Category: free-form writing

The Girls We Once Were: My #Jointhestory Link-up

This weekend, on International Women’s Day, my writing group held a link-up where fifty-plus women looked back on their childhoods, their first memories, their earliest dreams and called out to their old selves.  It’s really beautiful.  I wanted to join in, but it just was a little too much for me.

To be honest, my writing group is often a little much for me.  Too many feelings and so much pain.  A virtual room full of beautiful, tragic, sometimes funny redemption stories.  I love it, and it helps me grow, but every now and then I’m just not sure what to do with the whole thing.  I don’t like to clap in church, I don’t really love parties, sometimes too many people with too many feelings all talking at once makes me get clammy and my mouth has too many words all running into it at once but I somehow don’t have anything to say.  I try to keep up, to say something so I’m not just standing silently in the crowd, but those words feel false.  My people deserve better.

So I’m going to just tell it to you straight – that’s the kind of writing I do anyway.  I don’t have a sad story to share.  I honestly like myself now way more than I ever did as a kid.  My parents worked really hard to encourage me to do just about anything I wanted to while the rest of the world pushed in the other direction.  I spent too many years ignoring my parents and covering up everything awesome about myself to fit in. The thing about having musicians or artists or science fiction fans for parents is that they really love it when their kids are super weird.  I just wanted to be normal.

So I only raised my hand when no one else knew the answer, and I hid myself in books so I wouldn’t have to deal with how hard it was to make friends when everyone was talking about how hard those math problems were.  In college I stopped reading for class altogether to cope because when I got too invested in my courses I talked too much, participated too ferociously, and couldn’t pull off small talk about how “hard” or “boring” such-and-such was.  I poured my enthusiasm for learning and leading into my sorority instead of my studies because even my professors would quietly remind me that if I spoke up too often, no one else would try.

Now that I’m not the little girl I once was, I know that this world doesn’t need anyone to pretend to be less smart or less passionate than they actually are. While my writing group has shared poetry and photography and beautiful memories on International Women’s Day 2014, I have one sentence to reclaim only two days too late:  Being weird is awesome.  It’s totally okay to enjoy reading a book more than small talk.  It’s really quite fine to hate playing softball.  Women who are serious, who are better at leading a meeting or planning an event than wearing four-inch heels and giggling, they aren’t boring — they’re going to change this world.

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Take a look at this little weirdo.

Please join me in saluting the beautiful women of my writing group, whose words are available for you over at THE GIRLS WE ONCE WERE link-up.  I know you’ll be just as impressed as I am.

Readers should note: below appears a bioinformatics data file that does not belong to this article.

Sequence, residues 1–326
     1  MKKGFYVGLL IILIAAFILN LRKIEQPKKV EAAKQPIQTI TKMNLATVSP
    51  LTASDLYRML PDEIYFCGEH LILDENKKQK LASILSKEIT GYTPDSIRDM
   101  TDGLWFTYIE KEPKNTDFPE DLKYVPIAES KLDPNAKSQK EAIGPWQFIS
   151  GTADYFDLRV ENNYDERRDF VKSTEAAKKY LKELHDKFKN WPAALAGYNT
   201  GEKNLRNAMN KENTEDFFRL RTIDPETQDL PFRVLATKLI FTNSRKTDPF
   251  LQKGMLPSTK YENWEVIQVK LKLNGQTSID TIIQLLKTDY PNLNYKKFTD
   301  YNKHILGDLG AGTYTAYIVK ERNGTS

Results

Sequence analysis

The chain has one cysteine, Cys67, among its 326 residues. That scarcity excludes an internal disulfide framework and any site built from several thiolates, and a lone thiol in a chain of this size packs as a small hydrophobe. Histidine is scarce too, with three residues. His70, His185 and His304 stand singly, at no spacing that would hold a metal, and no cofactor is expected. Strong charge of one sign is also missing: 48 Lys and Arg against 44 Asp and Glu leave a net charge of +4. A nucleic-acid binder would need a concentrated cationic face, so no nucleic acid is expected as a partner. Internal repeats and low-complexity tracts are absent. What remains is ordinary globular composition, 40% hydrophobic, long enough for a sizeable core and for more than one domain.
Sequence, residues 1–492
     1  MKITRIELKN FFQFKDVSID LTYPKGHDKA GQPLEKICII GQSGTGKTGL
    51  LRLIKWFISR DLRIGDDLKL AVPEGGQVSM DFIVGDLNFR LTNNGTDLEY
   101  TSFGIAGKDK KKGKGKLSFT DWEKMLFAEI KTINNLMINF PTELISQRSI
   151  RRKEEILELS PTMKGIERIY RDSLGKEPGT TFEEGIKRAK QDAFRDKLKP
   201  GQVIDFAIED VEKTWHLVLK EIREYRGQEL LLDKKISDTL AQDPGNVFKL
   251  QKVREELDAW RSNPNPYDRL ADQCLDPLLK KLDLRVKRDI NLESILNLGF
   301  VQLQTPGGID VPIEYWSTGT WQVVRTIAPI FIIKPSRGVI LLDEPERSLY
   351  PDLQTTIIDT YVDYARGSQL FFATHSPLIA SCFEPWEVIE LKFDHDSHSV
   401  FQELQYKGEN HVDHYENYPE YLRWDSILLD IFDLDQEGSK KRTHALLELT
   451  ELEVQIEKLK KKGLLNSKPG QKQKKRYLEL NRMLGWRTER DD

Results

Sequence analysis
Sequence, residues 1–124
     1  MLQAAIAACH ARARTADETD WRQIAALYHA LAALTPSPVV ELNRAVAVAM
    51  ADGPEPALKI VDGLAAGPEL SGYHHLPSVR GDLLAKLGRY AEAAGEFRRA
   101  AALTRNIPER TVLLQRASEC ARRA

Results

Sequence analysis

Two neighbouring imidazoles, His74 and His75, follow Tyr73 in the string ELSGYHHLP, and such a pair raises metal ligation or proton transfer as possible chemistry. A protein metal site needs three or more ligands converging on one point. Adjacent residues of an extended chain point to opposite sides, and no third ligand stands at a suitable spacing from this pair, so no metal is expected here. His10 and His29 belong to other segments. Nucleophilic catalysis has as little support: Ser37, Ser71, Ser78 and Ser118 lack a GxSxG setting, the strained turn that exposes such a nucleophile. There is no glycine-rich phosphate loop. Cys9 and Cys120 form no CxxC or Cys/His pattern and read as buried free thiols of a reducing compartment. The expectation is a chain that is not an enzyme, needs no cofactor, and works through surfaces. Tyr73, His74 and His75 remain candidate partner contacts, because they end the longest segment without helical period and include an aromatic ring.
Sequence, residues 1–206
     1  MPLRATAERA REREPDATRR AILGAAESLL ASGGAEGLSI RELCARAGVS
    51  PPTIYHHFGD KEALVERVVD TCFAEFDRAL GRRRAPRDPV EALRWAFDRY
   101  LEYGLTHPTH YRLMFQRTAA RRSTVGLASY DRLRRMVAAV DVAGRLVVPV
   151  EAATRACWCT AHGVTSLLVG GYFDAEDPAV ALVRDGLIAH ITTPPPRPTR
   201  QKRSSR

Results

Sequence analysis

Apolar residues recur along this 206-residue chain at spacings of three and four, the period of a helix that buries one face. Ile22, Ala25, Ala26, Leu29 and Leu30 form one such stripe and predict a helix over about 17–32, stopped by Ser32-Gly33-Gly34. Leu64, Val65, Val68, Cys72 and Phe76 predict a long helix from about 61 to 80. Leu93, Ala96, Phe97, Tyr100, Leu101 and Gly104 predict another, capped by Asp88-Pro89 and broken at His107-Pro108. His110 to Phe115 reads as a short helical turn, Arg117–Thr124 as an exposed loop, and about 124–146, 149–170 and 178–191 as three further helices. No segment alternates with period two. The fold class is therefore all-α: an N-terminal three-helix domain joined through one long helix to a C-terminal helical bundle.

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What Writers Do

Last Thursday I started on a personal journey, if you want to call it that.  I committed to think of myself as a writer and to act as if I believed that I was a writer for fifty days, so that when those fifty days are over I can comfortably wear the label.   It’s the fifth day of this adventure, and it doesn’t feel very natural yet.

I asked you for tips, tricks, or suggestions for feeling more writerly.  I thought you would tell me to wear a  tweed vest or smoke a pipe or drink whiskey in the evenings; to enter into fights on twitter [you know who you are, bloggers of America]; to light a candle and read the New York Times with my coffee each morning.  You didn’t. Instead, you all said the same thing:  to be a “real” writer, just stop talking about it and get it done.  Sit your butt down and write.  There were variations in responses, of course, but only in levels of frankness on this common theme.

It seemed unhelpful and obvious to me at first, but already I’ve realized how valuable this advice really is.  After five days of intentionally thinking about, talking about, stressing about, or considering the writing life, I’m not actually spending very many minutes putting words on the page.  I’ve only written a few hundred words, I still haven’t chosen a project for this period, and I haven’t received any supernatural inspiration.  Yet.

According to my research [casually googling variations of “what writers do” over the last week], this is pretty normal.  J. Robert Lennon for the L.A. Times (2009) reported that real writers spend around 2% of their lives actually writing words.  But that doesn’t mean they aren’t being writers the other 98% of the time.  They are just living: thinking and working through the social interactions and complex critical thinking skills that eventually become the building blocks of what they create.  Writing requires living.

I wish there were some magic formula for being comfortable in your own skin a writer, but it turns out that the cape and tights won’t feel right until you pull them on, tuck your feet into those bright red boots, run outside and save someone.  Otherwise, you are just sitting around wearing spandex.  As a thinker, an analyzer, a “but what about this?” problem solver, getting started isn’t how I like to begin.  I want to be ready:  to gather together all of my tools and complete all of my training and calendar the milestones and targets before typing that first word.  This isn’t going to work like that, but that’s okay.  I can take my time and do this however I want to, so long as I’m doing it.